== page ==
Laddy’s Dream Part 2: The Dragon Listens

Laddy pondered over how to continue his telling of the dream, then like water released from a flood gate, it all came rushing out.

“The morning of that last day Hunter had finished making a knife from blacker than black stone he had found on a different hunt some days before. He had been working on it lovingly, carefully, spending hours at a time shaping and honing it. The blade looked like deep water where the sun doesn’t reach, and it was very sharp. Sharper than the normal knives we used, even sharper than knives used only for skinning. Hunter attached the blade to a bleached white, bone handle using bone pins he had carved himself.  It was, is, a thing of beauty.”

“We left before the dawn, several hours into the hunt we stopped at a beautiful stream to rest and drink our fill. With clean hands and faces we sat back to catch our breath. Hunter sat leaning back on his elbow. He turned to me with the black and white knife in his hand. With a serious look on his face he said to me, ‘give me your hand little brother.’”

”I looked at him suspiciously, but did it anyway. I trusted Hunter more than anyone in the world, and I would do anything he asked of me, with or without explanation. He took my hand and drug one edge of the knife across my palm fast and with the same skill he used to dispatch animals.  I didn’t even feel it. I wouldn’t have known he had done it at all if I hadn’t been watching.”

Laddy looked down at a thin white scar on his hand. Tilly saw a clean palm, Laddy saw blood welling up in his cupped hand.

“I looked to Hunter horrified at what he had done, I tried to pull back but he gripped my hand firmly. He held the bone handle of the knife in the well of blood pooling in my hand. When about half the handle was full of my blood he released me. I thought I was going to be sick, then he did the same with his own hand. Slicing it with the opposite edge of the blade then soaking the remainder of the handle in his own blood. Mixing our blood, incorporating it as part of the nature of the blade.”

“He explained to me his actions in these words, ‘Now this knife holds both of us. Keep it safe, and I will always be by your side.’ I was surprised at his actions and grateful for the gift. Hunter  simply nodded and cut a piece of deer skin off of his own jacket to bind the wound on my hand. Hunter then bound his own hand and we continued on the hunt. I felt a heady buzzing sensation throughout my body. I felt as though the blood in my veins was on fire. I loved the little knife, and I loved my brother. I vowed that Hunter’s knife would be with me for the rest of my life.”

Laddy rested his hand on a small dagger that to Tilly had appeared from nowhere like magic. The handle was a deep rust color and the blade was made of pure obsidian. It was well cared for. As soon as she had seen it Laddy whisked it away stashing it in some place Tilly could not see.

“We tracked the boar to that place and met those men. For the first time in his life Hunter gave up on a hunt, we instead headed for home. That night, the last night, we ate venison from a deer Hunter had taken a few days before. We finished it together as a family while the sun fell and the land faded into darkness.”

The weather was fine out, only a little chilly, and rather than sleep in the tent I laid out to watch the stars. My mother bundled me deeply in soft furs against the cold.” Laddy coughed out another tremble from his voice and laid one hand on his chest near the base of his throat and rubbed slowly back and forth towards one shoulder, remembering that final touch. When he was sure he could speak again he went on.  “They were so beautiful, the stars, they were endless. I felt like I was swimming in a sea of blackness and light. I drifted off to sleep warm and full.”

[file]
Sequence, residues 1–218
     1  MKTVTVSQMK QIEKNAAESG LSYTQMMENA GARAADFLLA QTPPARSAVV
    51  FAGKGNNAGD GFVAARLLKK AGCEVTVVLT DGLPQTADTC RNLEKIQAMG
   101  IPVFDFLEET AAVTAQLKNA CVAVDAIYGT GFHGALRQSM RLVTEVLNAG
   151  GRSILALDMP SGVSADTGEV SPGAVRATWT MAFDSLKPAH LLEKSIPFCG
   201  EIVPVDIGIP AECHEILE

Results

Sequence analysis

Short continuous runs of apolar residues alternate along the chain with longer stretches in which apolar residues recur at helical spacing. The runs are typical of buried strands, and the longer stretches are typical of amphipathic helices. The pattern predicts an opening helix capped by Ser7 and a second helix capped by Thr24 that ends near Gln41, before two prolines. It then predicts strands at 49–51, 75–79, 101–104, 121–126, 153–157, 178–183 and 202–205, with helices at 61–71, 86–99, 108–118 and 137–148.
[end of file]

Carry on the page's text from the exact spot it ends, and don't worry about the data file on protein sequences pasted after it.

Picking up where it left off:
“Then, I was awake again. Suddenly. I heard a rustle in the tall grass not too far off. At first I thought it was a wild animal. So I held very still. But then I heard other noises. A broken twig, a swish of leather on leather, and shallow breathing muffled by cloth. There were the quiet  but quick steps of men, and they were all around. I could see our camp surrounded by the shadows of more than a dozen of them. They were deeply hooded, and armed with clubs, rock headed axes, spears, and knives. And they were drawing closer to my family in the tent.”

Tilly sat poised on the edge of the log gripping white knuckled at her cloak. Her breathing came in little gasps and she looked as if she wished to call out a warning to Laddy’s slumbering family. Laddy looked directly at her but he seemed not to recognize her, so lost in his story was he.

“Before I could react, or even call out a warning, they closed the distance from the edge of camp to the door of the tent. They must not have seen me laying on the grass outside in their haste to reach my family. The monsters fell upon the tent cutting their way through the hide and tearing down the poles that held it up. They drug my family from within still struggling to wake from their deep sleep.”

“As they descended upon us I cast off the furs my mother had wrapped me in, shouting I leaped to my feet falling on the savages with my bare fists and gnashing at them with my teeth. But I was still only a boy with too few winters on my muscles. I had no real effect on the devils binding and gagging my family.”

“I was trussed up too. My wounded hand wrenched behind my back, and lashed to the other so tightly my fingers tingled with lack of circulation. A man pinned me to the ground with a foot in between my shoulders. My eyes and mouth, my whole face, filled with dirt. I couldn’t even scream or call out to my family. I could barely breathe, I could see nothing.”Laddy gripped his own hands and rung them recalling the leather binding that had held him, fear filling his mind once again and scattering his thoughts.

“At first I  struggled with all my might, squirming like a stuck bug, beneath that monster’s boot. But it was useless, I was bound too well and the weight of the man nearly crushed all the breath from my lungs. Then a harsh voice called out and the struggles of my family ceased. Turning my head to one side, and scraping my nose of most of it’s skin in the process, I made out the moonlit silhouette shapes of my family as they knelt before a man dressed in a pale white deerskin cloak.”